“Fans just need instant gratification,” Meringer says. “They want to be part of the highlights.”
The NFL itself is trying to address fans’ need for interactivity, says Lisa Delpy Neirotti, a professor of sport management at the George Washington University School of Business. Most teams have some sort of virtual or augmented reality experience at the stadium, she says, which let fans get “up close” with players or watch passes enhanced by glowing heat trails.
YCF is a “fun concept,” Delpy Neirotti says. But ultimately, whether organizations like the NFL will be interested in Your Call, Inc. technology will depend on the buy-in of owners, general managers and coaches. For coaches, particularly, YCF is a very different experience than traditional football.
"What that does for me as a coach is it takes all the pressure off!" said Solomon Wilcots, the former NFL player who took over as Team Grit head coach in 2019, speaking to a Florida NBC affiliate. "I don't have to sit in a press conference tomorrow and be asked those questions -- 'why I ran a certain play' or 'why I didn't run the football.' It's the fans who are calling the plays!"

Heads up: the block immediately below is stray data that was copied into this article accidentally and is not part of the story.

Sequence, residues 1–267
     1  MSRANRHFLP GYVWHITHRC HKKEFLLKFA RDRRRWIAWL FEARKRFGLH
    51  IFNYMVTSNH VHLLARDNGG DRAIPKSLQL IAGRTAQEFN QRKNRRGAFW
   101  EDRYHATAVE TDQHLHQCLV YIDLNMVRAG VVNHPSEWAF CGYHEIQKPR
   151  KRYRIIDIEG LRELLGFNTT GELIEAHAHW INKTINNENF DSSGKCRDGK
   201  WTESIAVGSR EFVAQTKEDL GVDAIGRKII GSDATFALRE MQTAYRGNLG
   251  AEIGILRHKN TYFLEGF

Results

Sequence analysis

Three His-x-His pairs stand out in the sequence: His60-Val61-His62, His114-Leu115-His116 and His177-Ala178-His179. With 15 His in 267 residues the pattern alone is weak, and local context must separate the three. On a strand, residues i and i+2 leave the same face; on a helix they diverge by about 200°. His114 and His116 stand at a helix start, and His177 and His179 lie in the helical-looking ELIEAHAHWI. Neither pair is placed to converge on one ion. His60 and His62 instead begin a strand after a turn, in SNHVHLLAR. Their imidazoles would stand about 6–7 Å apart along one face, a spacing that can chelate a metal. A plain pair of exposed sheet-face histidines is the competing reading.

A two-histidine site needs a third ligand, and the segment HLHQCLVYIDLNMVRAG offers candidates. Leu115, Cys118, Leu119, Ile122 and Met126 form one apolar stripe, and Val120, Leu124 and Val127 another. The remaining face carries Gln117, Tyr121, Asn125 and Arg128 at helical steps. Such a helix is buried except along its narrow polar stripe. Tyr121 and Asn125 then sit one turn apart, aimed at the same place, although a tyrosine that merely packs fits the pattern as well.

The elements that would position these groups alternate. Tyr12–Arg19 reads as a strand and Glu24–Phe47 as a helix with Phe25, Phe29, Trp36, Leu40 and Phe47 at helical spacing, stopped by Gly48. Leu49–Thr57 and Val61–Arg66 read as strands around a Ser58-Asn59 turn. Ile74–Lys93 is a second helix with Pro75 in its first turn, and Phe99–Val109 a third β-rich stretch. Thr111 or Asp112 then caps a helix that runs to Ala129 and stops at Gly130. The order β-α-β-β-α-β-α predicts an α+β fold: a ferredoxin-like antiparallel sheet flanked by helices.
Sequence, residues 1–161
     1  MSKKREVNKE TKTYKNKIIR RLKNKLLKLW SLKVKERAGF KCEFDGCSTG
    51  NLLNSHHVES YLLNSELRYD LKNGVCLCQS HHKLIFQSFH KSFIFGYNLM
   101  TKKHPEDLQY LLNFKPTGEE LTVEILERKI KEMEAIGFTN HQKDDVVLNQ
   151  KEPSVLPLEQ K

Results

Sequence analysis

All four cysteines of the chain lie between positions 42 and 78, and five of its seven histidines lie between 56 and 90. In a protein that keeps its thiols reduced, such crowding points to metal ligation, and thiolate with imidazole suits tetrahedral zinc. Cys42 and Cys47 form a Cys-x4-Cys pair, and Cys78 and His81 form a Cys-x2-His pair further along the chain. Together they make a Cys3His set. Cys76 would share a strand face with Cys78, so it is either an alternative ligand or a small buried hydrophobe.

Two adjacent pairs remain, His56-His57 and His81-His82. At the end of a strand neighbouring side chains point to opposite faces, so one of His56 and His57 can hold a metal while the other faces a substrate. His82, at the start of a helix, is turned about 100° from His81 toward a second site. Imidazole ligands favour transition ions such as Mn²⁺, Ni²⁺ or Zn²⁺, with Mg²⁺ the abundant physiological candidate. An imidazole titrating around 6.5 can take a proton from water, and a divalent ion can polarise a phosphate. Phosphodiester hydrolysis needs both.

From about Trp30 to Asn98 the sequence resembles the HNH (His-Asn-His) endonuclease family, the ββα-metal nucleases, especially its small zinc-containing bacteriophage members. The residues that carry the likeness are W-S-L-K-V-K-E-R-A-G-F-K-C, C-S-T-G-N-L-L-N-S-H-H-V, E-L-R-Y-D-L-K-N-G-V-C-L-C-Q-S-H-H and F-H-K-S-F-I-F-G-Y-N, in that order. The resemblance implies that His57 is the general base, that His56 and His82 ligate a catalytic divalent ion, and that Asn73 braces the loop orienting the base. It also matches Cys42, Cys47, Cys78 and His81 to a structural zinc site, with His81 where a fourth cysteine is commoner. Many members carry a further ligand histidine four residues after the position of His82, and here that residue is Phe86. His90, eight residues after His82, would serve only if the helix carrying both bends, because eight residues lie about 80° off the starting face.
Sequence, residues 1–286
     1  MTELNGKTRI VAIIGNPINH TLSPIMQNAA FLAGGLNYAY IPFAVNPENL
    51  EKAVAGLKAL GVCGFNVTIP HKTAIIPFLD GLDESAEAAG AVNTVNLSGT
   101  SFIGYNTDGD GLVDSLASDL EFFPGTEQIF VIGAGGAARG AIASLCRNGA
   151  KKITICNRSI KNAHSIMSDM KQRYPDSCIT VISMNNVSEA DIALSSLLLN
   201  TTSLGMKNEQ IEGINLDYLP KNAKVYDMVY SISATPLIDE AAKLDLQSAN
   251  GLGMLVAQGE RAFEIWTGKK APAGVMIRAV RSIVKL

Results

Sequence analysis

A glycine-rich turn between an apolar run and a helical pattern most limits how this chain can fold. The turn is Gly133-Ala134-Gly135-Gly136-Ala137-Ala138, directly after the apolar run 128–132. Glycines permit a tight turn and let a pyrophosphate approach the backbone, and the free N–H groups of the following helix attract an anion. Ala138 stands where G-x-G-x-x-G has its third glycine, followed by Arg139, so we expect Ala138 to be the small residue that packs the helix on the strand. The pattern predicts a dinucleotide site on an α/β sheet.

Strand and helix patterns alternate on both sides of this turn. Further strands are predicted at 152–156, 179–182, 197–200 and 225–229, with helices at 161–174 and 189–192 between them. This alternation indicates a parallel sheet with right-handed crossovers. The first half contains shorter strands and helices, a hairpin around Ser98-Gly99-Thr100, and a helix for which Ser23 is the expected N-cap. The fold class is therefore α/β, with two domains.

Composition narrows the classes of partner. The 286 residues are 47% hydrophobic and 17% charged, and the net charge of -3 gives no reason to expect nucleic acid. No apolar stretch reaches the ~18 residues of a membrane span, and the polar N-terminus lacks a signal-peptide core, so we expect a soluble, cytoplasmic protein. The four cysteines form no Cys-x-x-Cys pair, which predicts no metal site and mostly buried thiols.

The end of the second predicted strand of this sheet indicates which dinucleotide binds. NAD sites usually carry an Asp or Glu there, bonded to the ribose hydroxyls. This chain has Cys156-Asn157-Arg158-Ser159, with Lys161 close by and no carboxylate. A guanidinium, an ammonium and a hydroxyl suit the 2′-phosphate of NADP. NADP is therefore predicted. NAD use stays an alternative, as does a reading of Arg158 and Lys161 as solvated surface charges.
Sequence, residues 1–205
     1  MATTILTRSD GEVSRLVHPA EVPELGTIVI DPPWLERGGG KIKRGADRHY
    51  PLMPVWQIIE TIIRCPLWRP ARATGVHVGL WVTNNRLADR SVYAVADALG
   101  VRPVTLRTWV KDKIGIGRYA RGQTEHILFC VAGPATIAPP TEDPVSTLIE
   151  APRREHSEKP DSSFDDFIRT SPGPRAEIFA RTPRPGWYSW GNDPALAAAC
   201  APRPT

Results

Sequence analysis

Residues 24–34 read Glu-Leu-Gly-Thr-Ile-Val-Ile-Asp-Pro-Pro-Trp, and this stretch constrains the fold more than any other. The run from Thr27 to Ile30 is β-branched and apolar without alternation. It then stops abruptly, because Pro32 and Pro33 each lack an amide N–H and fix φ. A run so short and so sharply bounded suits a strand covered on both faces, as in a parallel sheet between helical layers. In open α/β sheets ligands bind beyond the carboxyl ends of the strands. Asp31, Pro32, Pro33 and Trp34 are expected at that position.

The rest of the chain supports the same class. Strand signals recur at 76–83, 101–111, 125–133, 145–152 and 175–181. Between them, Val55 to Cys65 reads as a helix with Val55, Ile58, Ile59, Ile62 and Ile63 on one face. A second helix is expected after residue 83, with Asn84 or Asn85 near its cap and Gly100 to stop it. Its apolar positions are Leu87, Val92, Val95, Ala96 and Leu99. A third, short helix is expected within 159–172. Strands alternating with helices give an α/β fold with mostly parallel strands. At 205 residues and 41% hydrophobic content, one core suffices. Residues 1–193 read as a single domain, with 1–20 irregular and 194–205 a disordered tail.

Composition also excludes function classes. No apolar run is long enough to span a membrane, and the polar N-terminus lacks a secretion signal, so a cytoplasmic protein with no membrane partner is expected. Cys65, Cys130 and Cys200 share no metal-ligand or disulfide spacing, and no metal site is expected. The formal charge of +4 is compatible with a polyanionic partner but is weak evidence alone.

“Some executives are more marketing-oriented and are more likely to test out creative ideas,” says Delpy Neirotti. “For example, some teams are allowed to invite fans or sponsors into the locker room while others absolutely ban that.”
For players, Meringer says YCF is a win, despite the lack of cheering fans. It allows them a second shot at the NFL or CFL by showcasing their talents for scouts; YCF plays two quarterbacks per game for this reason. Several YCF players have gone on to sign with NFL or CFL teams, including Ashaad Mabry, signed by the Carolina Panthers, and Wes Saxton, who was picked up by the Detroit Lions.
Being part of a streaming game made no difference to the players, Meringer says.
“They’re all gamers—they all play Fortnite, they all play Madden,” she says. “At the end of the day, the technology had no impact on them. They were just there to play football, and so happy to do that.”